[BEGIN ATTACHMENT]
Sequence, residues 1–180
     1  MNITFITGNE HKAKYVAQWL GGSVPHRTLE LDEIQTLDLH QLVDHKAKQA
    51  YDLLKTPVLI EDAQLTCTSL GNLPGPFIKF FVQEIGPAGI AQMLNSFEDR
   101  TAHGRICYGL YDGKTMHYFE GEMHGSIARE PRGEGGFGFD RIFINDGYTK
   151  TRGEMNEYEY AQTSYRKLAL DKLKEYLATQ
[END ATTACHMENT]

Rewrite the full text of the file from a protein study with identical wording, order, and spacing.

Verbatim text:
Sequence, residues 1–180
     1  MNITFITGNE HKAKYVAQWL GGSVPHRTLE LDEIQTLDLH QLVDHKAKQA
    51  YDLLKTPVLI EDAQLTCTSL GNLPGPFIKF FVQEIGPAGI AQMLNSFEDR
   101  TAHGRICYGL YDGKTMHYFE GEMHGSIARE PRGEGGFGFD RIFINDGYTK
   151  TRGEMNEYEY AQTSYRKLAL DKLKEYLATQ